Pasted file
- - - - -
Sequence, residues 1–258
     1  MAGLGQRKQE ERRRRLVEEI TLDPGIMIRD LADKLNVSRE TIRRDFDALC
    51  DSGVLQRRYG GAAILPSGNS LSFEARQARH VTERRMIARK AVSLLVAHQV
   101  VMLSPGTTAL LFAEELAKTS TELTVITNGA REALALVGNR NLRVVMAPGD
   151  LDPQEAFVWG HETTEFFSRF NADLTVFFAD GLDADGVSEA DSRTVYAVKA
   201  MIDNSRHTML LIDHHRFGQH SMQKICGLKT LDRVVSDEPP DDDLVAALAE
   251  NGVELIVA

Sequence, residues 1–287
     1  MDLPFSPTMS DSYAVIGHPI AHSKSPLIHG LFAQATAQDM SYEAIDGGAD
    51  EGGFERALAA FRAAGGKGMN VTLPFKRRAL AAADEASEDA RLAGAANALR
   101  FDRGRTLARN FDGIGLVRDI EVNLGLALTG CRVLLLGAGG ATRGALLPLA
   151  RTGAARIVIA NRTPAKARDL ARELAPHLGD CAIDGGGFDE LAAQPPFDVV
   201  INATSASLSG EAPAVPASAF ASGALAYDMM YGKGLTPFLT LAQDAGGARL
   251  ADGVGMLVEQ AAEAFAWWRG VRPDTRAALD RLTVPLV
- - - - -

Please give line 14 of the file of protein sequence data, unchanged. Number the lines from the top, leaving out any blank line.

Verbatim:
   251  ADGVGMLVEQ AAEAFAWWRG VRPDTRAALD RLTVPLV